Scholars have raised concerns about the number of characters from minority groups on television relative to the groups’ percentage of the population. Perhaps even more concerning is the type of characters that actors from minority groups play and the types of shows on which they appear. Whether we want them to be or not, the people we see featured in media messages, especially those who appear frequently on television, in movies, in magazines, or in some combination of the three, serve as role models for many that view them. These people help set the tone for standards of behavior, beauty, and intelligence, among other things.

claims that media portrayals influence our development of schemata or scripts, especially as children, about different groups of people (Signorielli, 2009). For example, a person who grows up in a relatively homogenous white, middle-class environment can develop schemata about African-Americans and Latinas/Latinos based on how they are depicted in media messages. Since media messages, overall, are patterned representations, they cultivate within users a common worldview from the seeds that are planted by a relatively narrow set of content. For example, people in television shows are disproportionately portrayed as middle-class professionals. In reality, about 67 percent of people working in the United States have blue-collar or service-industry jobs, but they only make up about 10 percent of the people on television (Griffin, 2009).

6.3 Developing Media Literacy

involves our ability to critique and analyze the potential impact of the media. The word literacy refers to our ability to read and comprehend written language (Livingstone, 2004), but just as we need literacy to be able to read, write, and function in our society, we also need to be able to read media messages. To be media literate, we must develop a particular skill set that is unfortunately not taught in a systematic way like reading and writing. The quest to make a more media-literate society is not new. You may be surprised to learn that the media-literacy movement began in the 1930s when Clyde Miller, a journalist and author received funding from department store magnate Edward Filene to promote curriculum materials that would identify propaganda techniques. It is estimated that over one million students used these materials within the first three years of its creation (RobbGrieco & Hobbs, 2013). Despite the fact that this movement has been around since the 1930s, many people still do not know about it.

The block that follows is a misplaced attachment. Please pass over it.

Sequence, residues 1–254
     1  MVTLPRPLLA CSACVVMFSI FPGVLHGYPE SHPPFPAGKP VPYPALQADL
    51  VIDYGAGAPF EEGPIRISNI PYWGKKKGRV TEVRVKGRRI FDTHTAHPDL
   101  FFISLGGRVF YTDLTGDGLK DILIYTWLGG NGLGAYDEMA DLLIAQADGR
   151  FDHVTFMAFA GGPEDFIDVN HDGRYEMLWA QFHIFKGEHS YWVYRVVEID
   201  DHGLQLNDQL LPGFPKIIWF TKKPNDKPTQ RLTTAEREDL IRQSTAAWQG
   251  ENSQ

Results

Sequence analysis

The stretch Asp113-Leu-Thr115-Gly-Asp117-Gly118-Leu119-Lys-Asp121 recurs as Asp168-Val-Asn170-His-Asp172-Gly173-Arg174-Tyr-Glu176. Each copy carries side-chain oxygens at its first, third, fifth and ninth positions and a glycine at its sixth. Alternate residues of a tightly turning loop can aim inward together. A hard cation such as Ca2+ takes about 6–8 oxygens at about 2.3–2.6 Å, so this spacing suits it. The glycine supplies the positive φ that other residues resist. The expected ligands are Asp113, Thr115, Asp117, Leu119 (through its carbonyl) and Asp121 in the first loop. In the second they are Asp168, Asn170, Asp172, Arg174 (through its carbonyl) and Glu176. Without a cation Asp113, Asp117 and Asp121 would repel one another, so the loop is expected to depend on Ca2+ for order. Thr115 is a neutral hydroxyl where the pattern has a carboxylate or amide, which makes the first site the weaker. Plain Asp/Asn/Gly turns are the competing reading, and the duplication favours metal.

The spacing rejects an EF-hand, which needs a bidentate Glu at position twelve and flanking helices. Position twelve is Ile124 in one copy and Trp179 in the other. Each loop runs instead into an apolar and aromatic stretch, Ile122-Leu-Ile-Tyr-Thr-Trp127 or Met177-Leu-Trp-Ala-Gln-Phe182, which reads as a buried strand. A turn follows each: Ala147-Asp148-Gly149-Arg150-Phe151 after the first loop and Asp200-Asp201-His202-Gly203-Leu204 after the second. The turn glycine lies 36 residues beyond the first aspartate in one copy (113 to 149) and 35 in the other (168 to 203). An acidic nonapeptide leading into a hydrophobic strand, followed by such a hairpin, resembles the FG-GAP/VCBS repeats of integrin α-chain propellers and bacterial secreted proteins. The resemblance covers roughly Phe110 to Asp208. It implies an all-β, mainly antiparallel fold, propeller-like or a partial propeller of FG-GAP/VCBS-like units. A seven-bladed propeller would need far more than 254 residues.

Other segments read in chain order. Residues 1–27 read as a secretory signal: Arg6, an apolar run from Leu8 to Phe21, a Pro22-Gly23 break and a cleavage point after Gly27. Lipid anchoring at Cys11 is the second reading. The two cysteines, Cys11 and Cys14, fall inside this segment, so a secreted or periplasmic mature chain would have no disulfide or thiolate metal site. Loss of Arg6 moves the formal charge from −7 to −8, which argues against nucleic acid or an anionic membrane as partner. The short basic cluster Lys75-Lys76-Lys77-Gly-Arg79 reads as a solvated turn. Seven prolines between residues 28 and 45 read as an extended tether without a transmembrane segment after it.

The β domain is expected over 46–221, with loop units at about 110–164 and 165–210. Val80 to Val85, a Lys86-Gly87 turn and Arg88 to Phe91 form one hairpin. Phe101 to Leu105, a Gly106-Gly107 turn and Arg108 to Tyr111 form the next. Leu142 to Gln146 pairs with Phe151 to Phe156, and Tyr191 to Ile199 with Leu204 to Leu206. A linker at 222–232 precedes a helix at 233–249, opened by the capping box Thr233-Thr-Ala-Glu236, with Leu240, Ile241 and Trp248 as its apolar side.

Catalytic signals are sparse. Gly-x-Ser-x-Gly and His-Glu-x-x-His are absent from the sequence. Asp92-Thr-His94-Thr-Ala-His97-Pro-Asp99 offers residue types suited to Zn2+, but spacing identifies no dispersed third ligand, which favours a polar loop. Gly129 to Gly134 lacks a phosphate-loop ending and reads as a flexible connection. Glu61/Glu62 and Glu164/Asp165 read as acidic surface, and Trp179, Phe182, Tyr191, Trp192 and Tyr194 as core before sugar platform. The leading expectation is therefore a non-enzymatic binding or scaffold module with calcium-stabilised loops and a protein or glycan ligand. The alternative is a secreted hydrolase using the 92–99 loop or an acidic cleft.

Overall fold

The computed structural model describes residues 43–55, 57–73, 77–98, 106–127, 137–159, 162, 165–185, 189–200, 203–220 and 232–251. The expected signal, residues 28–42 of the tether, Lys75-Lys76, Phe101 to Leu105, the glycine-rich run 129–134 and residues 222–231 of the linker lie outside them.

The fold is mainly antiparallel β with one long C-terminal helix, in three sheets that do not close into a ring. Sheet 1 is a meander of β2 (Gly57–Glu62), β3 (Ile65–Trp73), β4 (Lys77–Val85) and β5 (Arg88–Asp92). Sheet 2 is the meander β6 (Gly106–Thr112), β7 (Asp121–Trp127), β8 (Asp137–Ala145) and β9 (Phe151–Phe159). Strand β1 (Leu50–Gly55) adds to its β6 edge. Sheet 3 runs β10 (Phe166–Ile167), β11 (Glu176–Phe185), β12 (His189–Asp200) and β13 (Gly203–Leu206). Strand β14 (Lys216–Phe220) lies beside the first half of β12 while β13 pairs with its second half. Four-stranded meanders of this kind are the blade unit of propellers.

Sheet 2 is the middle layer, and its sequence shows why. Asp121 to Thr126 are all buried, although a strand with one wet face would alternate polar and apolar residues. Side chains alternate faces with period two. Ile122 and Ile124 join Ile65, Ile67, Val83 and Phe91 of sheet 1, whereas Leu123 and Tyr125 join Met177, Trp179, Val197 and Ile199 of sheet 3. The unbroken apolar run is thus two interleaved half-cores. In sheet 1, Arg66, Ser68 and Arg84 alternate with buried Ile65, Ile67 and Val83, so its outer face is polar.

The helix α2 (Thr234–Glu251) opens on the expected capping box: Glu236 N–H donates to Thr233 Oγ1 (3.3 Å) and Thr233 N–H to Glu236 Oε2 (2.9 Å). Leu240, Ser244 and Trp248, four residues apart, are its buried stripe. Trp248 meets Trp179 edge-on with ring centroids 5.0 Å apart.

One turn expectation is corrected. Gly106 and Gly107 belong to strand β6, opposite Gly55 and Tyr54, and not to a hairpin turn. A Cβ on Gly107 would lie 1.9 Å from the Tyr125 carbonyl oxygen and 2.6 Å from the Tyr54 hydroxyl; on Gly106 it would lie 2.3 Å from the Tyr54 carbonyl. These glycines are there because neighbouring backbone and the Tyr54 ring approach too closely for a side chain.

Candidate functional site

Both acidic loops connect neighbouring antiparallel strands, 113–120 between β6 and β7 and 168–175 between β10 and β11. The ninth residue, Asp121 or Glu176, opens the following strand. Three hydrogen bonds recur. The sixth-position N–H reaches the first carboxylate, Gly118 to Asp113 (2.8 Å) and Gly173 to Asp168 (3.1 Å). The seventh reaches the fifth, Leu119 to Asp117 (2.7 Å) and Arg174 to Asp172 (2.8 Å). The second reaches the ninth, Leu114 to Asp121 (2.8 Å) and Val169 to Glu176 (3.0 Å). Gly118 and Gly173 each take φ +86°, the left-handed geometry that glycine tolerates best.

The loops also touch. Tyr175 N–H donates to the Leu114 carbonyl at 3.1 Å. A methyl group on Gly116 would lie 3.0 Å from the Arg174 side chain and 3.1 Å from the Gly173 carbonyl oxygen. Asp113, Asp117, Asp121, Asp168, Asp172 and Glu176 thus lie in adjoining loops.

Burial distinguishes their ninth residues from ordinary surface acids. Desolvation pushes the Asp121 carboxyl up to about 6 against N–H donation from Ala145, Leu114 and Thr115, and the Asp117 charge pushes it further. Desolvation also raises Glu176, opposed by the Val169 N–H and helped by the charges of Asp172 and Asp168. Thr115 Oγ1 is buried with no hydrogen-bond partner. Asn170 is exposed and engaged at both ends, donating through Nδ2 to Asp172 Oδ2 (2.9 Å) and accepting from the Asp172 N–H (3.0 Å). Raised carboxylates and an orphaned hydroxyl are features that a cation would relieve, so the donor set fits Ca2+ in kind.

Media literacy is not meant to censor or blame the media, nor does it advocate for us to limit or change our engagement with the media in any particular way. Instead, media literacy ties in with critical thinking and listening. Media literacy skills are important because media outlets are “culture makers,” meaning they reflect much of current society but also reshape and influence sociocultural reality and real-life practices. Some may mistakenly believe that frequent exposure to media or that growing up in a media-saturated environment leads to media literacy. Knowing how to use technology to find and use media is different from knowing how to analyze it. Like other critical thinking skills, media literacy does not just develop; it must be taught, learned, practiced, and reflected on.

We learn much through the media that we do not have direct experience with, and communication and media scholars theorize that we tend to believe media portrayals are accurate representations of life. However, the media represents race, gender, sexuality, ability, and other cultural identities in biased and stereotypical ways that often favor dominant identities (Allen, 2011). Since the media influences our beliefs, attitudes, and expectations about difference, it is important to be able to evaluate critically the mediated messages that we receive. The goal of media literacy is not to teach you what to think but to teach you how you can engage with, interpret, and evaluate media in a more informed manner. Media literacy is also reflective in that we are asked to be accountable for those choices we make in regards to media by reflecting on and being prepared to articulate how those choices fit in with our own belief and value systems.